Mel Brooks Talks 'Blazing Saddles,' Broadway and Battling the Blues With Laughter Mel Brooks' "Blazing Saddles" is the funniest movie ever made. Just ask Mel Brooks. He is quite certain of it, and of course, millions of us who can cheer ourselves up some by dropping a line of authentic frontier gibberish agree. The humor half-…Read more. Ask Stacy -- Week of 4/19/14 DEAR STACY: What is next for Aaron Paul? Loved him in "Breaking Bad." — Brenda F., Warren, Ohio DEAR BRENDA: A long-haired Paul will be seen this summer in "Decoding Annie Parker," the Samantha Morton-Helen Hunt movie based on a true story …Read more. Could Classic 'Hill Street Blues' Series Survive Today's TV Scene? James B. Sikking Reflects In its heyday, there was no more powerful show on television than "Hill Street Blues." But could the series that took us into the personal lives of cops survive in today's TV world? The multiple Emmy-winning, envelope-pushing, career-launching drama …Read more. Tom Green Likes Being Separate From the Pack Tom Green's enjoying the latest permutation of his eclectic career — commuting back and forth each week between Las Vegas, where he recently started a four-month engagement at the Hard Rock Hotel, and Los Angeles, where he does his weekly live …Read more.more articles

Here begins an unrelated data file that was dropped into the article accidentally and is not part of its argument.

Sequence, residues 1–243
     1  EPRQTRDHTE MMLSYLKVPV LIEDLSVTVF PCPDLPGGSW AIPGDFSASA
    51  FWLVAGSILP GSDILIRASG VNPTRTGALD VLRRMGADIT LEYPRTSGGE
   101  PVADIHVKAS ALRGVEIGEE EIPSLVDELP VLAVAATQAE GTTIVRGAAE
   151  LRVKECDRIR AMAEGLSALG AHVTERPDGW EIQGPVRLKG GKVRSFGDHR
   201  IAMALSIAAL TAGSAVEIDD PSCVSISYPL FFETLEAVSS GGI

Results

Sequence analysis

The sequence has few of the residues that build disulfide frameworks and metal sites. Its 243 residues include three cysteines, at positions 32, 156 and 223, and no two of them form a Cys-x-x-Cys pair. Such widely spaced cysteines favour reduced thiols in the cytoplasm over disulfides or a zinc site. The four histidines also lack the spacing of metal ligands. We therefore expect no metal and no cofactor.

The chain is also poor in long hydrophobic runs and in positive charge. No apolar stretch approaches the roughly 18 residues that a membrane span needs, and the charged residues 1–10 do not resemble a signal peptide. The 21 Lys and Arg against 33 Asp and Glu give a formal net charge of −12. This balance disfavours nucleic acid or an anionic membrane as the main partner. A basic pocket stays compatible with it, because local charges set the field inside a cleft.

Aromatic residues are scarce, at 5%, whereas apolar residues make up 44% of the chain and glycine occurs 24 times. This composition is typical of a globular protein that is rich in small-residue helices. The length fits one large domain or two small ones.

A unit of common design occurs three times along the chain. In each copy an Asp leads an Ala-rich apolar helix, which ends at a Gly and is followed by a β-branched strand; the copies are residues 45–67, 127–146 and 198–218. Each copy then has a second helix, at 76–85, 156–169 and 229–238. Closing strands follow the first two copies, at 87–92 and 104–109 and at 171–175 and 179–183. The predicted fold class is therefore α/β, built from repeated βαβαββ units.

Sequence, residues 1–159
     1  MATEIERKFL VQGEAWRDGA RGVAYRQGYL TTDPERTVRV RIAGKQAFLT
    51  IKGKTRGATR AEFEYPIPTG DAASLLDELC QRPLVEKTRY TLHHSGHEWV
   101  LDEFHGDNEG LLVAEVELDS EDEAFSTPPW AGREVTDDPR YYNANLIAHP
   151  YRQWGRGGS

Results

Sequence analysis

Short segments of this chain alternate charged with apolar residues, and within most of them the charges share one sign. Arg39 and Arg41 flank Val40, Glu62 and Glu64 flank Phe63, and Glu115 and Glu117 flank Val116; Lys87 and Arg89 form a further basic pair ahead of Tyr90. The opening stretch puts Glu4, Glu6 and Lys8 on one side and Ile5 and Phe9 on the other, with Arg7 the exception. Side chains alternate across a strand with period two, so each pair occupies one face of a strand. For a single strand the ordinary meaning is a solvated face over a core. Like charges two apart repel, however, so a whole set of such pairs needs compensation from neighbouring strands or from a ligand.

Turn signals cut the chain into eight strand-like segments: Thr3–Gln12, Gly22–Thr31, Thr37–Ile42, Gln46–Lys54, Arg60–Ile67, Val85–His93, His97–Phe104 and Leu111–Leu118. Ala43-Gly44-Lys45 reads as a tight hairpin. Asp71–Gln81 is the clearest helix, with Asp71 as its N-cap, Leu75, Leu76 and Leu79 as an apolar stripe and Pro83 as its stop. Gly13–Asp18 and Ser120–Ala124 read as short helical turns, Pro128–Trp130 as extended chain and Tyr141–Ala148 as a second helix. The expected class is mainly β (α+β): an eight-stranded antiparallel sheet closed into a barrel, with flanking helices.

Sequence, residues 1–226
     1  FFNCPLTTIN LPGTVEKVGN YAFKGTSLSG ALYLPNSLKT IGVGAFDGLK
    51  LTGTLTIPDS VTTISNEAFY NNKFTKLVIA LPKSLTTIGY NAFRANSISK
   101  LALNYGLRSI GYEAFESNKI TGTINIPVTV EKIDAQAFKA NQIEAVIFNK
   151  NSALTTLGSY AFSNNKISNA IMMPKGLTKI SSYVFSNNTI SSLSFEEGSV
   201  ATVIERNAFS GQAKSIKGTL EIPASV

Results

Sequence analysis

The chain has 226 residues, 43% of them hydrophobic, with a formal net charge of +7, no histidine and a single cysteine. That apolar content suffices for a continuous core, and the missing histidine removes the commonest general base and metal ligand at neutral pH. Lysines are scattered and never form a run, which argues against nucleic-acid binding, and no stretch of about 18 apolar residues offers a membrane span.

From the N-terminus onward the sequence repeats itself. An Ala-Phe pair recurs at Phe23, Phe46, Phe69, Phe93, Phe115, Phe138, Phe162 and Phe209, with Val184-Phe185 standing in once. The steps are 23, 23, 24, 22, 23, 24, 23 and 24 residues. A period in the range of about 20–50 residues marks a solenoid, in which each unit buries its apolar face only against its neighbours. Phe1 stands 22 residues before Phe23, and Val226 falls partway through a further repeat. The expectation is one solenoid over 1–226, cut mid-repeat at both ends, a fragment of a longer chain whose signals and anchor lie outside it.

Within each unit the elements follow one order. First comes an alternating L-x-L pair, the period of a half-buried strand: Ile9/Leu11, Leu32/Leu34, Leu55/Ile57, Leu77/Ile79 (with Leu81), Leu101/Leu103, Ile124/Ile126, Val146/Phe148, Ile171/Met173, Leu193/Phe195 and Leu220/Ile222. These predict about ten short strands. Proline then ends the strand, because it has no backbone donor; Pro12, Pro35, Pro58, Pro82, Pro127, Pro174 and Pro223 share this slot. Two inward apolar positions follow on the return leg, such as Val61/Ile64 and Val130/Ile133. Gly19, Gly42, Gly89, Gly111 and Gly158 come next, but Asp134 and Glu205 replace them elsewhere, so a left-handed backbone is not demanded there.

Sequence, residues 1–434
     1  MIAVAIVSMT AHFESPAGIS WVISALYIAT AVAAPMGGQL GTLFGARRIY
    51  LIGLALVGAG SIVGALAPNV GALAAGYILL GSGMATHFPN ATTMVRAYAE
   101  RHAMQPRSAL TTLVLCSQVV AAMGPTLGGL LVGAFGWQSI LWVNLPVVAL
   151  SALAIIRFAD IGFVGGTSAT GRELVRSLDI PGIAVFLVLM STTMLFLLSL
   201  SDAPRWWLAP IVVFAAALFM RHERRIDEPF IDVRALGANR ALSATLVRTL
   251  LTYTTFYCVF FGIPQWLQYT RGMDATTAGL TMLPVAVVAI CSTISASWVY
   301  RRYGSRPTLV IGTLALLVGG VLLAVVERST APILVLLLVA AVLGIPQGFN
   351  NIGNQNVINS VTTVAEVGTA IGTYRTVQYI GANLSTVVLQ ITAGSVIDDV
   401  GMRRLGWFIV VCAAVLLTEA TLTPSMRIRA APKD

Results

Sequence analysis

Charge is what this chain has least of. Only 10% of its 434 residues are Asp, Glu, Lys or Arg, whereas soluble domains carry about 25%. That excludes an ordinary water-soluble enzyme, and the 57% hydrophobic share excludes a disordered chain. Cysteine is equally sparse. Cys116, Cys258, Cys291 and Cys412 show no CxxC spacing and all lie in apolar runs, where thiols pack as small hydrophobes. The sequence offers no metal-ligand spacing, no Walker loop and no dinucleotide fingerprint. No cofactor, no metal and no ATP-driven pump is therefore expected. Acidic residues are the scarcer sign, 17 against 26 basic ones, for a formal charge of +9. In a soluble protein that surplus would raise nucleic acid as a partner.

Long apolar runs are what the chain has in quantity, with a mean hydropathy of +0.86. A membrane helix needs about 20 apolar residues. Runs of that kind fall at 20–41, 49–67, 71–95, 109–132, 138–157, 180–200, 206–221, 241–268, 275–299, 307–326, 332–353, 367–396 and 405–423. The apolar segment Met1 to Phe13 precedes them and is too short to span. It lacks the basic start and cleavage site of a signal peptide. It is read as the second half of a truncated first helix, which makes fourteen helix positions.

Cranston Over His Apprehension About 'Breaking Bad' Wait/Pressly Didn't Plan Back-To-Back Movies, But Here They Are
Bryan Cranston admits that when he first learned that AMC planned to wait until March 8 to bring back his Emmy-winning "Breaking Bad" drama, his heart sank. "I thought, 'Oh, no. It's going to be well over a year after the first season premiere for the second season premiere.' But it's all good," he says now. "It means that we'll be on, uninterrupted, for 13 straight Sundays to the end of May — no preemptions."
It's a great ride for Cranston, who's won acclaim including Best Lead Actor Emmy honors — as he's gone from being known as the dad on "Malcolm in the Middle" to playing the central figure in the "Breaking Bad" story of a cancer-stricken science teacher who starts cooking and selling crystal meth to score big bucks to leave to his family. Cranston tells us there's an ironic twist coming up in that this season, "We're beginning to see the unraveling of the family, possibly. Everything he's worked for, everything he's justified his actions for — his family — is now at stake. He made his decision and he can't turn back now. He can't tell his wife. One lie begets another. He's 0Abecome a much better liar," notes the actor.
This season, he directed the first episode, which picks up seconds after last season's finale — in which his Walter White character has just witnessed a mentally unhinged drug dealer beat a man to death. With its violence and extreme intensity, it's not for everyone, although nice guy Cranston has a suggestion.
"Just like if you don't want to watch the 10 o'clock news right before bed, if it's difficult for you to watch at night, TiVo it and watch it at your own discretion."